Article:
Arts And Crafts Movement in Bromley – Ernest Newton

Ernest Newton (thanks to the Chislehurst Society)

Ernest Newton was a renown Arts and Crafts movement architect.  In Bromley, in addition to the rebuilding of the Bishops Palace, he built one of his best works, The Royal Bell on the High Street

This lovely red brick building has Queen Anne style plaster initials and designs, and gracious bay windows.  Originally it also had a stain glass porch on the front.

There is more on the Royal Bell’s website.

The Chislehurst Society (as his portfolio has a number of fine examples there) says on this page: “Ernest Newton (right) was born in Bickley in 1856, the son of an estate manager. He was educated at Uppingham School, Rutland. He married Antoinette Hoyack in 1881, and they had three sons. He was resident again at Bickley in 1883 where he built his own house at Bird in Hand Lane, Bickley in 1884. Over the next 20 years he designed a large number of houses in the Bickley and Chislehurst area, many of which still exist“.

Royal Bell

Ernest Newton was a protégé of Norman Shaw, who had exemplified the best late Nineteenth Century architectural practices developing the suburbs of Bedford Park.  Norman Shaw is thought to have introduced him to the Lord of Manor of Lee, Earl Northbrook (of the Baring banking family). The manor of Lee, especially Grove Park, was the subject of “progressive” development in the Victorian era, a chance to create a “artistic suburb” in the same manner as Bedford Park. 

On Barings Road, he designed the villa “Three Gables” (that was occupied by the children’s author E Nesbit:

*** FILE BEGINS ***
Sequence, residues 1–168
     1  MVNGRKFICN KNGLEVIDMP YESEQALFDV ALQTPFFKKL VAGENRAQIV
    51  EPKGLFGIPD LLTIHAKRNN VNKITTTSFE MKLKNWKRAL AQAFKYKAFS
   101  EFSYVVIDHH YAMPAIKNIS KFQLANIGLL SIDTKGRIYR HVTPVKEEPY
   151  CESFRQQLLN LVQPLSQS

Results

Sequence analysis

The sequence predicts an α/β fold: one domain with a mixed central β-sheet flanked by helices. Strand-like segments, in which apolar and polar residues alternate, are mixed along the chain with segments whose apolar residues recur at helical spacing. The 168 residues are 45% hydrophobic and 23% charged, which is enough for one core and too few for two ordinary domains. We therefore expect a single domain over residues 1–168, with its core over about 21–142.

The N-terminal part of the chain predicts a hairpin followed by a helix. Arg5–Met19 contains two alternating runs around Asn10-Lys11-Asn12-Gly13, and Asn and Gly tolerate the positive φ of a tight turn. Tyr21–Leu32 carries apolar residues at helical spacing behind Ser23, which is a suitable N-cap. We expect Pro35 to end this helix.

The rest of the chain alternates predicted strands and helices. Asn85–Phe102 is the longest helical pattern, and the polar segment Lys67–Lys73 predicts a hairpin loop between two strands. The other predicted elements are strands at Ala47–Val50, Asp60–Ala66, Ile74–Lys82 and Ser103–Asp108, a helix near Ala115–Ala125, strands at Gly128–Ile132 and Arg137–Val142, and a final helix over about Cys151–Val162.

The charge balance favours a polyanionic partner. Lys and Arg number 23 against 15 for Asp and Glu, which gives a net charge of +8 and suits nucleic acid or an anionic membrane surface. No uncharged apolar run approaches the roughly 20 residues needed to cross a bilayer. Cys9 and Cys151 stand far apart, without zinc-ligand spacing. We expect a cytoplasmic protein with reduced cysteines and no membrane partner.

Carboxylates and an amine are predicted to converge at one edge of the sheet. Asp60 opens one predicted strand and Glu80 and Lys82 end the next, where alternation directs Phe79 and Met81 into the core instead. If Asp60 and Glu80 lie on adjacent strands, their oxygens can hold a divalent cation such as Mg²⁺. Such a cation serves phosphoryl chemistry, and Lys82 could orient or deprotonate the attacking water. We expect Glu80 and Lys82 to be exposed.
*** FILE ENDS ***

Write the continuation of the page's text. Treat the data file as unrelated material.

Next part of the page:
“The house was in the best fashion of “Queen Anne” free styling, beneath the hipped roof, tall brick chimneys and titular gables (two half timbered, the central one pargeted), the fenestration was irregular and deep bay windows were thrown out from the principal rooms into the generous gardens. It was a suitably free and liberating backdrop for Nesbit and her circle, that included HG Wells and George Bernard Shaw. Whether just following architectural fashion or a real attempt to style a South London rival to Bedford Park, the efforts of Lord Northbrook did attract its share of liberals and free-thinkers.” from

There’s more about his buildings at the page on the Chislehurst Society about him.

Three Gables – Grove Park

Bullers Wood

Grove Park House

Again, from the Chislehurst Societies page, we can find these local buildings by Ernest Newton (there were many more that are less local to the town):

  • 1888 Mission Church, Widmore, Bromley
  • 1891 St Luke’s Institute, Raglan Road, Bromley Common
  • 1891 238 Southlands Road, Bickley
  • 1898 Martins Bank, 181 – 183 High Street, Bromley
  • 1898 Shop, 179 High Street, Bromley
  • 1898 The Royal Bell Hotel, High Street Bromley
  • 1902 Nos 21 and 23 Page Heath Lane, Bickley
  • 1904 Spire, St Georges Church, Bickley Park Road, Bickley
  • 1920 Alterations to Bromley Palace, Widmore Road, Bromley
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